I love podcasts and one of my three favorites is the Tropical MBA podcast. (In case you were wondering my other two favorites are Entrepreneurial Thought Leaders and Startups for the Rest of Us.) In one of their episodes they said something that has stuck with me for years:
Network up. Niche down.
I love that volumes worth of business advice can be simplified down to four words. If you understand that then you can stop reading this blog post now. If not then keep reading.
Here is a slightly longer explanation from the episode:
“Look at what successful people are doing. Talk to them. Learn from them. Apply those lessons to a niche. Your original niche is likely too broad. Look for a niche of a niche.”
Learn (from the people you are networking with) and teach (the people in your niche). The lessons you learn from your network will help you reach more potential customers and provide them more value.
Networking provides opportunities to learn as well as potential help, introductions, partnerships, and investment. Be selective about who you reach out to and what professional or entrepreneurial groups you join. (This should even be extended to what websites you visit, podcasts you listen to, and books you read.)
People who are going to be able to provide those types of opportunities are people who have already been where you want to be. Those might be people higher up the corporate ladder at your, or another, company, people that have started successful businesses in your industry, or people who started a similar business in another industry.
At the end of the day:
“You are the average of the five people you spend the most time with.” – Jim Rohn
You can raise yourself up by that principle just as you can lower yourself down.
We are going to go deeper into networking in future posts but when you do reach out don’t do so blindly. Make sure they are a good fit for you and the advice or help you are looking to receive. Don’t send the same email to everyone. Learn a bit about them and show it when you first email or talk to them. Provide value before asking for value in return. Be specific with your question or ask.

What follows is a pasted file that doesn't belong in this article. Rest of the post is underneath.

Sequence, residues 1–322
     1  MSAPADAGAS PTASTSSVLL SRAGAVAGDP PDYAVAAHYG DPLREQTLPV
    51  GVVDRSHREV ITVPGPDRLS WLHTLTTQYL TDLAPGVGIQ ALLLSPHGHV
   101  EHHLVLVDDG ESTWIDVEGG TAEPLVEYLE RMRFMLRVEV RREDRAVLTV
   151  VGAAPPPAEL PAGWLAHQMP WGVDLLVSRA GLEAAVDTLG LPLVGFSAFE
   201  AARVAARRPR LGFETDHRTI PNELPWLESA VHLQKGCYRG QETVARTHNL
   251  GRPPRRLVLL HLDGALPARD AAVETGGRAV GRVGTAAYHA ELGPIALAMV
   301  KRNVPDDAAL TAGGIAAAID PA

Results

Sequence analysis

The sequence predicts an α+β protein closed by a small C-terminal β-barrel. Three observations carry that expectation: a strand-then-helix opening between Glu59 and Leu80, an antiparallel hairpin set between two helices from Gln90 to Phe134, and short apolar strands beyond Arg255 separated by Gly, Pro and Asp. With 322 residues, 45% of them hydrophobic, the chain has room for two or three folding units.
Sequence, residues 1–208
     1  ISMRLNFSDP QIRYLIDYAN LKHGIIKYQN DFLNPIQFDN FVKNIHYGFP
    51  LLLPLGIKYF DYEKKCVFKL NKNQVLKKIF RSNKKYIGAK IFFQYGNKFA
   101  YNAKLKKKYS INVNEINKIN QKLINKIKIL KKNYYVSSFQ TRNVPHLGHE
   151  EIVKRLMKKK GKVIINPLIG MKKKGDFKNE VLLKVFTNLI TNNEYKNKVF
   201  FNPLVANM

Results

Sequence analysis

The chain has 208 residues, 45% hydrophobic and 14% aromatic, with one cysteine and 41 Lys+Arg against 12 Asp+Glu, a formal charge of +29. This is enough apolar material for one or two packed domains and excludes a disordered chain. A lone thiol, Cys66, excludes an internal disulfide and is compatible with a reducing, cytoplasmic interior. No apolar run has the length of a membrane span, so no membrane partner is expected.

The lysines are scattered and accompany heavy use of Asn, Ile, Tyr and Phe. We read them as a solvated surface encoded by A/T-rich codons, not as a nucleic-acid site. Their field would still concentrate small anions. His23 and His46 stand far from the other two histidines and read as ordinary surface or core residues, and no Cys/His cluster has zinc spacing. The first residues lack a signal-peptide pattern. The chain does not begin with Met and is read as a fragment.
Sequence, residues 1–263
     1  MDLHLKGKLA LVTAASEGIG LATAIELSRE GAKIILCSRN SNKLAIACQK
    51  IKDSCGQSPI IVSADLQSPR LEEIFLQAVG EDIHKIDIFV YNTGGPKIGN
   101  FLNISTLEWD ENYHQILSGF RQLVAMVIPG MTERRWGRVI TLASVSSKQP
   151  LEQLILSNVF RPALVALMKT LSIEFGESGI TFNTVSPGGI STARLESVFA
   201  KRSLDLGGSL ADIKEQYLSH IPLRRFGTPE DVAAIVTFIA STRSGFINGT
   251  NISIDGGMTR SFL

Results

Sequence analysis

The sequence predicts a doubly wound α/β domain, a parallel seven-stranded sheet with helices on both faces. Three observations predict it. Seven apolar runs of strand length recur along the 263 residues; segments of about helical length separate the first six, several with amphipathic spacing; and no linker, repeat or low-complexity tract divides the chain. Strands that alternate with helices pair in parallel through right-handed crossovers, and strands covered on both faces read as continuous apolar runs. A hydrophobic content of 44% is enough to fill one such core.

It is easier to engage a small group of people than it is a larger one. There is a distinct difference in talking with friends and colleagues over a meal compared to speaking to a crowd in an auditorium. The extension of this is that it is easier to market to a niche (or a niche of a niche) than it is to every possible user of your product or service.
We have discussed how people respond better to messages that are personalized to them. In order to do that for a large niche you are going to end up creating many, many customer segments and will need a team of marketers to create content for them all.
As an underdog you don’t have enough hours in your day for all of that.
When your business is at an early stage try to totally own something. Be the absolute best at one thing that people care about. For a certain group of people the thing you are best at is the thing they value the most when choosing a product or service. Once you capture those people you can expand to a second group. Rinse and repeat your way to world domination.
The Underdog Action Plan
- Write down the names of ten people you admire in your industry. Send each of them an email.
- Name the one thing that you do better than anybody else. Write copy for a landing page that highlights that one thing.